The Two Longings of a Story According to C. S. Lewis

by Peter Leavell, @PeterLeavell

He wanted to be a better man because of a character I created. After a lifetime of alcohol, he stopped drinking. He stopped hitting his wife. He hit off on the TV and took her to a museum and dinner.

He hasn’t looked back.

One of dozens of similar letters about my Western series made me revisit my writing philosophy to figure out why these men are cleaning up their lives and thinking outside themselves.

The idea comes from the first book I read on how to write, written by C.S. Lewis.

On Three Ways of Writing for Children, C.S. Lewis explains two types of longing.

Of the first longing: Askesis, a spiritual exercise, creating longing. C.S. Lewis was big on fantasy worlds, epic ideals, myths, and fairytales. But what does reading about dragons, villains, mysteries, and the like actually do?

George MacDonald’s Phantastes: A Faerie Romance for Men and Women is a story filled with fantastic forests, and when I read the story, I looked at real forests with longing and intrigue. I whisked my wife away to our nearby forests for a picnic and hike. And when I read At the Back of the North Wind by the same author, children became individuals to me, not to simply lumps of irritating humanlike beings that need constant supervision, but individually created with gifts and weaknesses combined to make each child special and vital. These longings made me want to be a better man.

So, I wrote a western filled with honor and virtue to heighten a love for ideals beyond our scope of daily living, creating a curiosity to learn more about reality to see what life would be like if we lived with high-minded codes. True, the perfection of these ideals might only be found in heaven, but inside of us, we long for them. There is a real mystery hidden in the pages of the fantasies. In my westerns. In books that draw attention to grand ideas. And those mysteries bring the reader to discover them in real life, adding to the joy in reading.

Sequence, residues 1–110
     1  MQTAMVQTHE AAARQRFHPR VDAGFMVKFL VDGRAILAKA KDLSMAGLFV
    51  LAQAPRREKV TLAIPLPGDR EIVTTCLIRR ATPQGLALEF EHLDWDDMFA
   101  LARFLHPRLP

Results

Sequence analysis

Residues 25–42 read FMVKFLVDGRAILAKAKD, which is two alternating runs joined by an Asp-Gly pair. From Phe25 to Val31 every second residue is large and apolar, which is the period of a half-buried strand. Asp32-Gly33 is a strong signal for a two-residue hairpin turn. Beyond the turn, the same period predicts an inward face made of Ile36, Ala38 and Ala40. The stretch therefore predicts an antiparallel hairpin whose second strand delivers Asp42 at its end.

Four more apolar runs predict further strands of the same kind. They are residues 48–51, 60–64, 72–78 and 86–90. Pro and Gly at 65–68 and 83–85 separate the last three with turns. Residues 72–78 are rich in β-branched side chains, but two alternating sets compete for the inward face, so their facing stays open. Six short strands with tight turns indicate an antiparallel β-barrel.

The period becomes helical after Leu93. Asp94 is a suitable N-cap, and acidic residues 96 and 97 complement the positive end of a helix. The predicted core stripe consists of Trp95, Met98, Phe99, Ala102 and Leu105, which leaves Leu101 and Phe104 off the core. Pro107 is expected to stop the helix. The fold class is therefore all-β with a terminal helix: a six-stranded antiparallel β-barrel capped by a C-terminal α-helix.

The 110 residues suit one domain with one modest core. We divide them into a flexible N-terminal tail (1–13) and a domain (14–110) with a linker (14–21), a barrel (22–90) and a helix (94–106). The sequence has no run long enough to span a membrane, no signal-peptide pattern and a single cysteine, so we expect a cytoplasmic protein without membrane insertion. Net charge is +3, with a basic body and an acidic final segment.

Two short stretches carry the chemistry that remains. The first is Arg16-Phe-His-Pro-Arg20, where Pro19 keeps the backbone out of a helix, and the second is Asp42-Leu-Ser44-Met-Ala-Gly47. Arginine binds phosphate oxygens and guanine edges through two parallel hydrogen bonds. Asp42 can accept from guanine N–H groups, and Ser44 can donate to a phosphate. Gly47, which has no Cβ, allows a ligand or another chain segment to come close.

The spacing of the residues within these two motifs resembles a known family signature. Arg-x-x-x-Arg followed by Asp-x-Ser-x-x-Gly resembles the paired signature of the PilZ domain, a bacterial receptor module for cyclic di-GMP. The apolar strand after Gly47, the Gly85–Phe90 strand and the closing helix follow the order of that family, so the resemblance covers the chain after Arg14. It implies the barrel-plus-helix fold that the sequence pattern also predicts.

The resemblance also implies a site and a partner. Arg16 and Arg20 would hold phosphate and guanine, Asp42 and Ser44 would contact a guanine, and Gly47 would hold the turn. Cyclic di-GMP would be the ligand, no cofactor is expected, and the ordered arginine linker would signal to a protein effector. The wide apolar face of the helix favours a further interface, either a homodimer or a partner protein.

One the second longing: C.S. Lewis calls the opposite of the first longing a disease. A compensation for what we lack in life. Simple escapism.

The second longing comes from characters who make us dream to be famous. Or lucky. When we read about the girl whose desires come true, and then when we put the book away with little hope our desires will come true, we’re left dissatisfied with little compulsion to act, explore, or be better. A boy who gets special powers he doesn’t deserve or work for, or is asked to be part of a grand adventure that does nothing to change him or given a set of random circumstances that make the other boys who once hated him now look up to him shows no character for the reader to think on.

If we’re unlucky in love and read about characters who have gifts or looks and relationships we wish we had, our desire for betterment is crushed.